Working Mother Getaway: Beaches Turks & Caicos

Working Mother Getaway: Beaches Turks & Caicos

Working Mother (Oct. 22, 2014) Feast your eyes on this gorgeous family-friendly resort. Video provided by Working Mother
Powered by NewsLook.com
What Your Favorite Color Says About You

What Your Favorite Color Says About You

Buzz60 (Oct. 22, 2014) We all have one color we love to wear, and believe it or not, your color preference may reveal some of your character traits. In celebration of National Color Day, Krystin Goodwin (@kyrstingoodwin) highlights what your favorite colors may say about you. Video provided by Buzz60
Powered by NewsLook.com
First-Of-Its-Kind Treatment Gives Man Ability To Walk Again

First-Of-Its-Kind Treatment Gives Man Ability To Walk Again

Newsy (Oct. 21, 2014) A medical team has for the first time given a man the ability to walk again after transplanting cells from his brain onto his severed spinal cord. Video provided by Newsy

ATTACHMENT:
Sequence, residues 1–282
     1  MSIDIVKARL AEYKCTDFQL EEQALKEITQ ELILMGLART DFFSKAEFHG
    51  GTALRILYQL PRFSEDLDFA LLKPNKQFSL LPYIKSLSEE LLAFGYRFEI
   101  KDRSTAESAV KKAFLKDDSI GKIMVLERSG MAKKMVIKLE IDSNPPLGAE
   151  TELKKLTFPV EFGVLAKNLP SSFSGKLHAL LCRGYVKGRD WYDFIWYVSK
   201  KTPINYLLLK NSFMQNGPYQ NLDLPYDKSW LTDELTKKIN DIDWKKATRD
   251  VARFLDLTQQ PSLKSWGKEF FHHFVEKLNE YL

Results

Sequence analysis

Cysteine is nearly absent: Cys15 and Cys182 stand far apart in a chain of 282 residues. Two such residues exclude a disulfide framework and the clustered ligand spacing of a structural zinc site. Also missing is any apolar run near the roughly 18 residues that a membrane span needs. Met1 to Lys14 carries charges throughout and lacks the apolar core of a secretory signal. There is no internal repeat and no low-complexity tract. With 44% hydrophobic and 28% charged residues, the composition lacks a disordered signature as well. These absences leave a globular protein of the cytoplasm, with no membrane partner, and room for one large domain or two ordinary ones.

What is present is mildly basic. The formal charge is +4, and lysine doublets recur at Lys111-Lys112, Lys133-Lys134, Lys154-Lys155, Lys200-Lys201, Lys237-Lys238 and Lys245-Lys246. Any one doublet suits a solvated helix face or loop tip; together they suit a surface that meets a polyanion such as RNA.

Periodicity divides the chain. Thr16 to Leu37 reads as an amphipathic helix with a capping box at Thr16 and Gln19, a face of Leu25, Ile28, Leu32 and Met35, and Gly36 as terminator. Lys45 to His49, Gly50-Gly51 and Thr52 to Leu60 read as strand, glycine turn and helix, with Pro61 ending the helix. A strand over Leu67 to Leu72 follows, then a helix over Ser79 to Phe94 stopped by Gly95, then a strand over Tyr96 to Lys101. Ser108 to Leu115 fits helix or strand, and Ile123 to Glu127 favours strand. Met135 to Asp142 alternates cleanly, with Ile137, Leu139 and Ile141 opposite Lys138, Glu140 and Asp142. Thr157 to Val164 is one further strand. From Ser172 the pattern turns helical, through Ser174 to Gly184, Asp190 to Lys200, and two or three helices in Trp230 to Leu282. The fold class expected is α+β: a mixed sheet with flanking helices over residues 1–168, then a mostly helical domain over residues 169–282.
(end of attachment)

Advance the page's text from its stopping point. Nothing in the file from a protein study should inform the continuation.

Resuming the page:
Powered by NewsLook.com

Search ScienceDaily

Number of stories in archives: 140,361

Find with keyword(s):
Enter a keyword or phrase to search ScienceDaily for related topics and research stories.

Save/Print:
Share:

Breaking News:

Strange & Offbeat Stories


Health & Medicine

Mind & Brain

Living & Well

In Other News

... from NewsDaily.com

Science News

Health News

Environment News

Technology News



Save/Print:
Share:

Free Subscriptions


Get the latest science news with ScienceDaily's free email newsletters, updated daily and weekly. Or view hourly updated newsfeeds in your RSS reader:

Get Social & Mobile


Keep up to date with the latest news from ScienceDaily via social networks and mobile apps:

Have Feedback?


Tell us what you think of ScienceDaily -- we welcome both positive and negative comments. Have any problems using the site? Questions?
Mobile: iPhone Android Web
Follow: Facebook Twitter Google+
Subscribe: RSS Feeds Email Newsletters
Latest Headlines Health & Medicine Mind & Brain Space & Time Matter & Energy Computers & Math Plants & Animals Earth & Climate Fossils & Ruins